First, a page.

Julie Fry’s passion has always been for small business and building community. In her family, she’s the designated event planner for birthday celebrations and milestone events, so she decided to harness her talents for the mom entrepreneur community. Find out how this mom became the owner of Business Among Moms, and what advice she has for buying an established business.
Tell us a little bit about yourself and your entrepreneurial journey?
My entrepreneurial journey began the first time when I was 26 and was laid off from my job. I started a sales consulting firm and quickly fell in love with being self-employed. Back then I didn’t have the responsibilities of kids, a husband and a dog as I do now, so it was a good time to test the waters of self-employment.
I knew I’d come back to it again someday.
Fast forward almost 20 years, and I was a national sales manager in the consumer products world, doing the corporate grind. And when you have two kids under the age of 4 and you travel several times a month, it is a grind. Ever since they were born, I would look on business-for-sale websites like buybizsell.com and websiteproperties.com for web-based companies that I could purchase that would offer me income along with a better work/life balance.
Where did you hear about Business Among Moms and its sale?
How are you making the platform your own?
When I purchased the company, it was a blog that primarily offered mom-owned businesses the opportunity to advertise on our website, Facebook page, and email list. After a year, I decided to change the business model and focus more on creating in-person communities for mom entrepreneurs. We now have 20 chapters across the country that host monthly networking events and an annual conference in the Seattle, Washington area.
How easy was it to monetize your platform since it was established?
It did require some hustling on my part. Since about seven months had passed between the time the owner had decided to put the business up for sale until the time I purchased it, many of the advertisers had lost interest. I also had to run several campaigns and try many different programs to see what was of interest to the community. Being completely new to the world of online business, I had a huge learning curve as well. I was able to monetize immediately. However, it wasn’t as passive as I thought it would be.
Has it been easy generating traffic to the site, since it was already established?
I wouldn’t say it has been easy, but having the large social media following that we do have certainly helped. I do focus on blogging weekly and sharing those posts on social media to drive traffic.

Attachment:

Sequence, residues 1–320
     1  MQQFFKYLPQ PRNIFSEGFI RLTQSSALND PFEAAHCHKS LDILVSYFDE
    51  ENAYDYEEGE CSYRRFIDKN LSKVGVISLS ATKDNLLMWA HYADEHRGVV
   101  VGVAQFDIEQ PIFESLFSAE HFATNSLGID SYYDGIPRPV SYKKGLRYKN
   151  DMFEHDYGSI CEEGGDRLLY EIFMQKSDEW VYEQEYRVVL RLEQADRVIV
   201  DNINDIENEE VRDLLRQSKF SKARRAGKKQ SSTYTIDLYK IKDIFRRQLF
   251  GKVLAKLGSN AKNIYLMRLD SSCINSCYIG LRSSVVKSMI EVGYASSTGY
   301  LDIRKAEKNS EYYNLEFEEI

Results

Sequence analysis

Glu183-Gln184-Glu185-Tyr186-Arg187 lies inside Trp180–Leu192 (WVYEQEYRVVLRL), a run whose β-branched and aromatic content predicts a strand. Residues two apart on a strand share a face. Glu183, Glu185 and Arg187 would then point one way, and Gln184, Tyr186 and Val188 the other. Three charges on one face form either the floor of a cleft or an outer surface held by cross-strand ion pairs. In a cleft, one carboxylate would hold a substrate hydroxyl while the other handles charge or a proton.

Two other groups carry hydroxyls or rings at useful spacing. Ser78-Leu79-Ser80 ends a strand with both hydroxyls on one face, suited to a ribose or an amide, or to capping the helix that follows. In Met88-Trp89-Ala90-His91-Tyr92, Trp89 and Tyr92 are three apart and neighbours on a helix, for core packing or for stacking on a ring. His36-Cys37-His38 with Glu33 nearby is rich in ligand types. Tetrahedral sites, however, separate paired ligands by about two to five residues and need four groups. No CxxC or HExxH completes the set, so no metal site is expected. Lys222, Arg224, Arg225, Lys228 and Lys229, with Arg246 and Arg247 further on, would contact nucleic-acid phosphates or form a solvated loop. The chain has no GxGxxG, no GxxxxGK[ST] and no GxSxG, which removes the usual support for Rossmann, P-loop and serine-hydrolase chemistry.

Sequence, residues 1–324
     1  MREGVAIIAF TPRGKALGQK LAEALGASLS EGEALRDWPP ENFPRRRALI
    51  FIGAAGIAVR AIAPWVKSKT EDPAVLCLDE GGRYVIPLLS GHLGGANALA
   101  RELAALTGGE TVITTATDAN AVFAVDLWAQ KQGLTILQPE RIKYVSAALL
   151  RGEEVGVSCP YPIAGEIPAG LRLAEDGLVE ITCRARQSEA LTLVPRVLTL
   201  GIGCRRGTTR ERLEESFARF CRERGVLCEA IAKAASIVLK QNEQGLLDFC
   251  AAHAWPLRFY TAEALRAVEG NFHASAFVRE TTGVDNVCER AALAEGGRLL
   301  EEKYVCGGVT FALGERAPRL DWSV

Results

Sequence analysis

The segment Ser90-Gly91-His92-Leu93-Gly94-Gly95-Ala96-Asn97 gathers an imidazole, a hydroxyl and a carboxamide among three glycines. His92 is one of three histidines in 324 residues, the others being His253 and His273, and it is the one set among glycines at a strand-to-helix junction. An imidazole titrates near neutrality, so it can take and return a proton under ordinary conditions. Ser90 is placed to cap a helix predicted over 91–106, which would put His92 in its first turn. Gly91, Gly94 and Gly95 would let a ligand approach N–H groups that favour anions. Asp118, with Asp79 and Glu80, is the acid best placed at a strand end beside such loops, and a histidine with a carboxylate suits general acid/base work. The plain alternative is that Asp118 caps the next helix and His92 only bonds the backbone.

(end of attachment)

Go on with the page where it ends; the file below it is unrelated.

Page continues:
What types of marketing strategies have worked best for you?
Relationship marketing – focusing on my ideal client and speaking directly to her has helped attract the types of mom entrepreneurs that really make this a dynamic and fun community of women. I also focus on helping people when I meet them in person and trying to make a difference for a few people rather than worrying about reaching tons of people. I’m finding our community grows faster, and I get more personal fulfillment when I focus on the relationship.
What’s been your biggest struggle as an entrepreneur?
Feeling scared, excited, freaked out, on top of the world and stressed, and knowing that this business is the right one for me and having all those feelings in the same day!
What advice would you give to other women who are considering buying an established online business?
Talk to other women who have done it, before you pull the trigger. I didn’t think to do that, and I think it would have given me more realistic expectations had I met with two or three women that had purchased something similar. I’m happy to have a discussion with anyone thinking about it.
You put on an event called The Success Summit – tell us about it and who would benefit from it?
This is our 2nd annual conference, and it is coming up May 20 in Bellevue, Washington. It is a results-oriented conference with 11 sessions on small business. Presenters will cover networking, mindset, productivity, social media marketing, video live streaming, podcasting, marketing, public relations, and client attractions. Then we finish the day with networking with the speaker (and cocktails!) It’s designed for women in business that want education, connection, and inspiration. They will take away nuggets they can put to use in their business right away. The event is www.bamsuccesssummit.com.
How do you manage all of your personal and business activities?
Plan, plan and plan some more. I calendar my upcoming week on Friday with all work and personal activities. Every quarter, I also chart out the next 12 weeks and add milestones each week for my personal and work life. Google Calendar is my BFF.
Thanks to Julie Fry for sharing her story!
You’ll Also Love These Posts:
Studies have shown if you like this blog post — you will also love the following articles.